Digvijaya takes backseat in MP politics, says 'worship rising sun'
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Is the sun setting on Digvijay Singh's political career in Madhya Pradesh? If the veteran Congress leader is to be believed, the answer is yes. He has himself said so in public more than once in recent times.
"In our sanskar and sanskruti no one worships the setting sun," the former chief minister said at a rally in Gwalior in the presence of Rahul Gandhi and Jyotiraditya Scindia this month. Glancing towards the young leaders, he said, "Let's all worship the rising sun."
The 66-year-old had used the allegory to justify his taking a seat behind the young leaders on the dais at the rally in the state he ruled between 1993 and 2003. Since that rally, Singh continues to occupy the backseat on the dais and has elaborated that the "setting sun" comment was directed at himself.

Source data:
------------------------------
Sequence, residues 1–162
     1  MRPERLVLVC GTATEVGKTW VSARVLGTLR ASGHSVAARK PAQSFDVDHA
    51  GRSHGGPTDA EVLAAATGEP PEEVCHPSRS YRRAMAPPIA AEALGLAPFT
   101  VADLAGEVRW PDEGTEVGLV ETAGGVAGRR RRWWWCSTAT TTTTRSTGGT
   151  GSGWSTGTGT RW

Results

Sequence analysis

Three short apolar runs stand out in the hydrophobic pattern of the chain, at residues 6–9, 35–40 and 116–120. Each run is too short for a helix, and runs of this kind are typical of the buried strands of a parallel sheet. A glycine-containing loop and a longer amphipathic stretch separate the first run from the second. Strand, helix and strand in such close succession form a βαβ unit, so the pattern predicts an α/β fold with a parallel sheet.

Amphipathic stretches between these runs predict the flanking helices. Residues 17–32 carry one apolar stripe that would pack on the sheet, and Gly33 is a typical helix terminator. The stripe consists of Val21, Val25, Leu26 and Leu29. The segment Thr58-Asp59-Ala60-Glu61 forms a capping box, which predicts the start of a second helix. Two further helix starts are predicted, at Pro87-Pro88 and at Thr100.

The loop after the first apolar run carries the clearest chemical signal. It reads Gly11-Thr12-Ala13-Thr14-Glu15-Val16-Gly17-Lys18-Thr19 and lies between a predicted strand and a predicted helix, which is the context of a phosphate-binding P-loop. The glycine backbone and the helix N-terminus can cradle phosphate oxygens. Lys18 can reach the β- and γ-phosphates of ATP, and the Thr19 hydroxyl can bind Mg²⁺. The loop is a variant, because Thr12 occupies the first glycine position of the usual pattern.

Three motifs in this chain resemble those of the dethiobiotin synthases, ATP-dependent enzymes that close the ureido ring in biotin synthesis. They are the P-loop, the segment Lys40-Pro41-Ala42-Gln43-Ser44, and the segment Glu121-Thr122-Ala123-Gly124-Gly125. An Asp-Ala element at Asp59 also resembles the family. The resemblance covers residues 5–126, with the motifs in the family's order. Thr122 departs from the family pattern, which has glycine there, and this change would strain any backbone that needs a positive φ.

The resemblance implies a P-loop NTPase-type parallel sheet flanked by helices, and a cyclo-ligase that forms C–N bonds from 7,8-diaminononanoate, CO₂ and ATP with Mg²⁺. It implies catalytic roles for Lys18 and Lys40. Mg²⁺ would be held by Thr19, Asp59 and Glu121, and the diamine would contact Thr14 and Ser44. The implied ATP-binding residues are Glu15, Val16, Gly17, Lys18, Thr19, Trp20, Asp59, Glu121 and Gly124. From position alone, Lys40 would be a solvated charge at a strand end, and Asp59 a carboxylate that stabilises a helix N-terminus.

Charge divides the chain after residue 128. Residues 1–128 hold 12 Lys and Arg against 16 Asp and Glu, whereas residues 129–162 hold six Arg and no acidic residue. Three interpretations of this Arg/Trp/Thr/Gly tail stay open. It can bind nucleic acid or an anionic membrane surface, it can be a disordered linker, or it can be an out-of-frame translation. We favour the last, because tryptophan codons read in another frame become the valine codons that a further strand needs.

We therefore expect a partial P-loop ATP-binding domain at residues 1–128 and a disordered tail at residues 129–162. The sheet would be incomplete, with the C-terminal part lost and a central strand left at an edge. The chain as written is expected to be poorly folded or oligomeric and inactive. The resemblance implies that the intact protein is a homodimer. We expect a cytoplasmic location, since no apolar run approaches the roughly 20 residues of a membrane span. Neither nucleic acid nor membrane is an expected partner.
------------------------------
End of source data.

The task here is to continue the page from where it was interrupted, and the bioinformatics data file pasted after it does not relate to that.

While some Congress leaders say this — and the projection of Scindia as the face of the party campaign — is also a part of a stategy to counter the BJP, which had announced that its campaign will target the "10-year misrule" of Singh, political observers believe the comments betrayed Singh's frustration more than anything else. His wings have been clipped and he often tells ticket-seekers not to bother him because he won't be able to meet their demands.
Singh's decline in state politics began with the appointment of Mohan Prakash as the AICC general secretary incharge of MP and was complete when the party made the young Union minister Scindia the chief of campaign committee. He got the taste of things to come when he could not even make it to the hall at the state headquarters where Scindia was addressing his first press conference. His supporters kept banging the door in vain before Singh chose to walk away.